Nic Meyer’s daughter, Carmen, and her husband, Le Royé van der Merwe, with their three kids, Mia, Phillip and Kiara. Photo: Supplied/Food For Mzansi

Precision farming is an agricultural approach in which inputs are used in precise amounts to increase average yields, compared to traditional cultivation techniques. It involves modern technologies at every stage of work.

Meyer’s success can be ascribed to hard work, perseverance, sacrifice, and also a number of costly mistakes.

“Five or six years ago, we invested in fertiliser worth R1 million on land that we intended to plant maize on. But then we didn’t get rain in November and December.”

Meyer explains that they had to think on their feet. That season they planted teff as an alternative commodity.

Staying ahead of the game

The agricultural landscape, Meyer says, has changed a lot since his entry in 1983.  

“Many standard practices remain the same, such as land preparation and ploughing. My grandfather told my father at the time, you can try all the other new things, but just do not sell your harvesting equipment because you will need them.”

Technology, he recognises, has caused a great revolution in agriculture, forcing farmers to keep up.

family business, grain
The Meyer family runs a fourth generation farming business in the Free State. Photo: Supplied/Food For Mzansi

“It’s like a computer that has to be upgraded every one or two years, otherwise you’ll fall behind. Remember, crops change, so does the climate. Farmers who can’t adapt to the changes will surely fall behind.”

These days, Meyer is less involved in the day-to-day running of the farm and focuses more on his other business ventures.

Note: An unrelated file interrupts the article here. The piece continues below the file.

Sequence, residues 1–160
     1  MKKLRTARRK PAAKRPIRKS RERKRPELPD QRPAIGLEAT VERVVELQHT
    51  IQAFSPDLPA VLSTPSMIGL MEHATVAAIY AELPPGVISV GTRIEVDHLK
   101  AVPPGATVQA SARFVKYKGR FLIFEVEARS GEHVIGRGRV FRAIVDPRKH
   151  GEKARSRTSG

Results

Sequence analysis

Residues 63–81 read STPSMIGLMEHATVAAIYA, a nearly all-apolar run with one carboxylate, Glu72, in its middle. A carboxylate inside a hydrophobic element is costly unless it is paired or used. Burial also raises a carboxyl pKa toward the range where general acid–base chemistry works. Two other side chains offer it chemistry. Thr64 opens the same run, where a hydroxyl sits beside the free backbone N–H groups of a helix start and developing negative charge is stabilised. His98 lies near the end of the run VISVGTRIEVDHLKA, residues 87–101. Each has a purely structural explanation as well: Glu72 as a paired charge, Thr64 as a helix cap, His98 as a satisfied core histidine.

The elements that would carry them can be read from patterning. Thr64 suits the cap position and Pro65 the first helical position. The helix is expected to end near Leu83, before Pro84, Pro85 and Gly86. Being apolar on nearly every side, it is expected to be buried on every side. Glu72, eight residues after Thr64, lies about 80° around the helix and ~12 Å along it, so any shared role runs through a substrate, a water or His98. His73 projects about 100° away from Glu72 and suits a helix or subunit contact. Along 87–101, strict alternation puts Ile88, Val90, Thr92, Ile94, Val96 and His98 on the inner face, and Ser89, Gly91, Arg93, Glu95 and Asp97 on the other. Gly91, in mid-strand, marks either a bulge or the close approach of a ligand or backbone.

His children are now starting to expand the family legacy although, every now and then, he visits the farm just to stir things up.

Meyer and his wife, Marti, have been married for nearly 38 years. She describes him as “vol draadwerk”, an Afrikaans-language phrase for someone who can be full of nonsense.

“When we’ve been away from the farm for a long period of time, I sometimes ask him to come to the farm,” says Marti, laughing. “After a while, the children call asking me to fetch him because he is driving them crazy. Then I ask them, ‘Why do they think I sent him there in the first place?’”

Nic Meyer’s top tips for farmers

  1. Find a mentor who can journey with you: “It’s a great feeling to help farmers starting out. It’s also nice to see that the farmer you are mentoring, is growing.”
  2. Know your stuff: Make sure that the instructions you give to workers, you can execute yourself. “Don’t just give instructions and leave it there,” he says.
  3. Faith is important: “What are you even doing in agriculture if you don’t have faith? When you’re a farmer, your whole existence depends on faith.”  
  4. Ask many questions: Farmers must be willing to get advice from experts and should not be afraid to ask questions. “In agriculture, or any other industry, there is no such thing as a stupid question.”

ALSO READ: Mentorship: Farming is not a solo show

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Duncan Masiwa
Duncan Masiwa
DUNCAN MASIWA is a budding journalist with a passion for telling great agricultural stories. He hails from Macassar, close to Somerset West in the Western Cape, where he first started writing for the Helderberg Gazette community newspaper. Besides making a name for himself as a columnist, he is also an avid poet who has shared stages with artists like Mahalia Buchanan, Charisma Hanekam, Jesse Jordan and Motlatsi Mofatse.